I'm new to SDL programming and I'm not quite sure I got how it handles events. Given an instance like this defined in "game.c":

static struct {

  SDL_Window* window;
  SDL_Renderer* renderer;
  BinaryTree* objects;

} game = { NULL, NULL, NULL };

(Which of course gets properly initialized)

My game loop is defined in the same file as follows:

void game_run() {

  bool closeRequested = false;

  while(closeRequested == false) {



    while(binaryTree_hasNext(game.objects)) {

      GameObject* gameObject = (GameObject*) binaryTree_getNext(game.objects);

      SDL_Event event;

      while(SDL_PollEvent(&event)) {

        if(event.type == SDL_QUIT) {

          closeRequested = true;
        else {

          if(event.type == SDL_KEYDOWN) {


            if(event.key.keysym.scancode == SDL_SCANCODE_UP) {


            if(event.key.keysym.scancode == SDL_SCANCODE_DOWN) {


            if(event.key.keysym.scancode == SDL_SCANCODE_LEFT) {


            if(event.key.keysym.scancode == SDL_SCANCODE_RIGHT) {


          if(event.type == SDL_KEYUP) {


      SDL_RenderCopy(renderer, gameObject_getTexture(gameObject), NULL, gameObject_getDestination(gameObject));


game.objects contains every object which has to be rendered (via game.renderer) onto the the window (game.window). So, on each frame game.objects gets iterated on and for each element various functions get executed, before its texture is loaded to the renderer.

Of course gameObject_onRightKeyPressed() is called only if the right key was pressed, so if this function is defined as

void gameObject_onRightKeyPressed(GameObject* gameObject) {

  gameObject->destination.x += 1,

On each frame that the right key is pressed, gameObject's texture will move by 1 pixel to the right.

This works perfectly if game.objects contains only one element, but if a second element gets added, only the first one will smoothly respond to my input, while the other will move by 1 or 2 pixels just once in a while by keeping the right key pressed. It's like the first element contained in game.objects "steals" the input, so that when the second element's turn comes, there's no input for it to respond to. What did I do wrong?


1 Answer 1


Your game loop doesn't follow the traditional pattern of polling for input, updating your objects, and finally rendering them. Your current implementation will result in exactly what you describe, where the first object receives all of the input events SDL sends you. So instead of what you have currently, you want something like the following:

while (running)
    SDL_Event event;
    while (SDL_PollEvent(&event))


The reason for this is that when you poll an event, SDL removes it from the event queue and considers it processed, this is why your first objects receives all the events.

As to how to implement the event handling, one option would be to invert the loop you currently have, so ProcessEvent could look something like the following:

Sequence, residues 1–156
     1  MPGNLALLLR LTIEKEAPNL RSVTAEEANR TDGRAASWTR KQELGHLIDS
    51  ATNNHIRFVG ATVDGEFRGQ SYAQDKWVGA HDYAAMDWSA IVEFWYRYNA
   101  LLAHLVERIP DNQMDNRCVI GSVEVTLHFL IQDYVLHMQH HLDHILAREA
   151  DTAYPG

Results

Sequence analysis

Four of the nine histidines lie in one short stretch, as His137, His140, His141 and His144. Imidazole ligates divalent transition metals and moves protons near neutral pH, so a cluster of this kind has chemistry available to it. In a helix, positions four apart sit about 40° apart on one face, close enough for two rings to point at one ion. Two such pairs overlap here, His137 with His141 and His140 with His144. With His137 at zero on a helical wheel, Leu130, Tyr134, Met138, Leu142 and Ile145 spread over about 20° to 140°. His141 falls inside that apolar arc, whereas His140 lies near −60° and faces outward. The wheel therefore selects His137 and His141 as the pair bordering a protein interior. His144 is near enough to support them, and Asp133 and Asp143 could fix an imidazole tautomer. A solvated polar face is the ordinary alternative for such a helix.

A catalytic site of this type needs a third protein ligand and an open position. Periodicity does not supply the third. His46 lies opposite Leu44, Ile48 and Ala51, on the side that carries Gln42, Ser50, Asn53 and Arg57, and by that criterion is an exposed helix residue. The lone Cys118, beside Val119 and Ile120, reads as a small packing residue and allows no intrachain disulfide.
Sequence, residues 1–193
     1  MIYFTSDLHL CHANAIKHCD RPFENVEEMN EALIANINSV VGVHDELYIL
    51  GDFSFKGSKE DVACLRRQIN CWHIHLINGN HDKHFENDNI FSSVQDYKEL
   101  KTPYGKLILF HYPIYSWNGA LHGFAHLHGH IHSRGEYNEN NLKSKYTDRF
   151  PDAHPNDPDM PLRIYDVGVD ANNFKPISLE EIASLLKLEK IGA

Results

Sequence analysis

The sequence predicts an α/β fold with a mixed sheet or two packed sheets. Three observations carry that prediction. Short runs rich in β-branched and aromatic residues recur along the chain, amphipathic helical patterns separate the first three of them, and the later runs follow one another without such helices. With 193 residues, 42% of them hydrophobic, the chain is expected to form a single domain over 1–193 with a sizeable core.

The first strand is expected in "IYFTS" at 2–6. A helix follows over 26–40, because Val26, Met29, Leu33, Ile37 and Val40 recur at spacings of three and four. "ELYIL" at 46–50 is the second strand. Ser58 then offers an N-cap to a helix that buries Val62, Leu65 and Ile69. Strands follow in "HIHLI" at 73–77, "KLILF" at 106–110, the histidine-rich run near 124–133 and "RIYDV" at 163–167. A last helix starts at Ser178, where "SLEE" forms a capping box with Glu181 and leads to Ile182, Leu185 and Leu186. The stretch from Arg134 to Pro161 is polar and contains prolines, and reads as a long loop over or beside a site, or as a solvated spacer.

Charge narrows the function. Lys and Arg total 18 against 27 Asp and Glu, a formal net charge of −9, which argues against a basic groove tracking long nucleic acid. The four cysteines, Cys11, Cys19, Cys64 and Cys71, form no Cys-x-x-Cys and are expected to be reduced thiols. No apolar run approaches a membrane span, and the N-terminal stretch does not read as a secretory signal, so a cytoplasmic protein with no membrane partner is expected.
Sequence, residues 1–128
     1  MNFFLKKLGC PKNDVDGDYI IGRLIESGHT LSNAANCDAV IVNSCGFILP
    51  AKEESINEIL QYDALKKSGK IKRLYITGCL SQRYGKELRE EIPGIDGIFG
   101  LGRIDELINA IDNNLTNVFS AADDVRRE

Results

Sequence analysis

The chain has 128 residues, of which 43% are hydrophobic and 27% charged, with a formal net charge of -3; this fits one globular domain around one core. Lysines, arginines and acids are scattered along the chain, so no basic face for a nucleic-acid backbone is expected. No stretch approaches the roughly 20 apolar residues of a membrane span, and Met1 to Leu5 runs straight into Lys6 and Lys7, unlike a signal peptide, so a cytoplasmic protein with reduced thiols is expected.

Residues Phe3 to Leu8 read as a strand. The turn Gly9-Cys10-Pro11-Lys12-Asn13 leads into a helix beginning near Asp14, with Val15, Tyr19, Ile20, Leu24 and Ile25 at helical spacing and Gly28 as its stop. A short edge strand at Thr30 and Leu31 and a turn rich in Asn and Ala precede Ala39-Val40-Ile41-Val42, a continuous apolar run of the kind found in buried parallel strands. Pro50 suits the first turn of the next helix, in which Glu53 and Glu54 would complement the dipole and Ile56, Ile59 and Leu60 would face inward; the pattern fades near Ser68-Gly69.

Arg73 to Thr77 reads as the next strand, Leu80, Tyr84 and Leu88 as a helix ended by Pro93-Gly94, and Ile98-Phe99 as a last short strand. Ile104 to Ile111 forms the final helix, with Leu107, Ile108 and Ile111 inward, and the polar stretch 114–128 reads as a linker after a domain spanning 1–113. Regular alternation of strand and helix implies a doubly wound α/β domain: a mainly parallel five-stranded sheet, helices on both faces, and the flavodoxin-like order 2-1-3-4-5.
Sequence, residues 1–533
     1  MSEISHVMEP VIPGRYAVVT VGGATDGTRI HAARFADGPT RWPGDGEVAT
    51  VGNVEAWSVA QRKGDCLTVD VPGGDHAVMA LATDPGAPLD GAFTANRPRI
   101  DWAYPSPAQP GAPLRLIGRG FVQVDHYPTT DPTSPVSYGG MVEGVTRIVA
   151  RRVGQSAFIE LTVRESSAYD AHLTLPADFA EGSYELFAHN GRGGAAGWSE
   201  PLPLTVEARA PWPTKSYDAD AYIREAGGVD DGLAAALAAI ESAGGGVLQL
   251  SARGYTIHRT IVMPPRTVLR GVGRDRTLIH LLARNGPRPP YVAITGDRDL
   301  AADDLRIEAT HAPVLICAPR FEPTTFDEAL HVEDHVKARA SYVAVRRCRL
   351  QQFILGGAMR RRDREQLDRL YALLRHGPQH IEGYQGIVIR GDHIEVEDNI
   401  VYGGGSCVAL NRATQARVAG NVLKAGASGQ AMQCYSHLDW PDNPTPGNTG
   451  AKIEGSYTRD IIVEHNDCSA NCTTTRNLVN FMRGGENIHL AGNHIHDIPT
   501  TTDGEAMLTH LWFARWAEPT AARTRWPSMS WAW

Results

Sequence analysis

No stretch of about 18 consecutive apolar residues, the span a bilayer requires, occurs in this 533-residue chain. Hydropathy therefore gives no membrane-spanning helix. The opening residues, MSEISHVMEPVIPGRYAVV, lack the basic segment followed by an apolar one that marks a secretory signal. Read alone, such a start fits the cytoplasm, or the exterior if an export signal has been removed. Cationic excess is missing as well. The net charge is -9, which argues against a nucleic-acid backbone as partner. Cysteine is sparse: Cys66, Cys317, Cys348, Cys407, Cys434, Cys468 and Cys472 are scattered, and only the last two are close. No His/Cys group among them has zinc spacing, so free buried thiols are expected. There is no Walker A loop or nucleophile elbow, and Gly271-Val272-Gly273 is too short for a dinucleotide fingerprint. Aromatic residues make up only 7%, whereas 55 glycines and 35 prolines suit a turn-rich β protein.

void ProcessEvent(SDL_Event& event)
    if (event.type == SDL_KEYDOWN)
        for (GameObject* object : objects)

So instead of looping over objects first, and events second, we loop over events first, and distribute each event to all objects that listen to that event.

Alternatively you can maintain booleans of the current keyboard state, and check for those while updating the objects.

  • \$\begingroup\$ I see. My loop was actually structured somewhat like this at first, but I changed it to what I posted in order to avoid cycling through the objects container twice (once for consuming the input and another to render each element). Because that's what you do here as well, right? Isn't the other solution you've suggested much better since it would require to check each object only once? Are there any drawbacks to it? \$\endgroup\$
    – Gian
    Aug 10, 2020 at 13:39
  • 1
    \$\begingroup\$ The drawback of the alternative solution of manually maintaining keyboard state is that it's harder to implement your input processing in an event/action based fashion, which might for an example make intended event consumption harder to implement. Whether or not more looping is slower depends on the work you do, but it's unlikely you'll spot a big performance difference, since the input still has to be processed (=work has to be done) in the updates of the objects. \$\endgroup\$
    – user35344
    Aug 10, 2020 at 13:43
  • \$\begingroup\$ I tried to implement it in both ways and it works! Both methods seems pretty similiar in how they behave, for the simple things I'm doing for now. What's weird though is that if I implement both down and right movement, the object moves diagonally down only if both keys were pressed at exactly the same time. If I'm holding the right key and then I begin to press the down key as well, the object simply starts moving down, so the right key input is being ignored. Is this normal? \$\endgroup\$
    – Gian
    Aug 10, 2020 at 14:36
  • \$\begingroup\$ That depends on how you have implemented it. If you need help with fixing that, you should ask a new question as it is out of the scope of this one. \$\endgroup\$
    – user35344
    Aug 10, 2020 at 16:10

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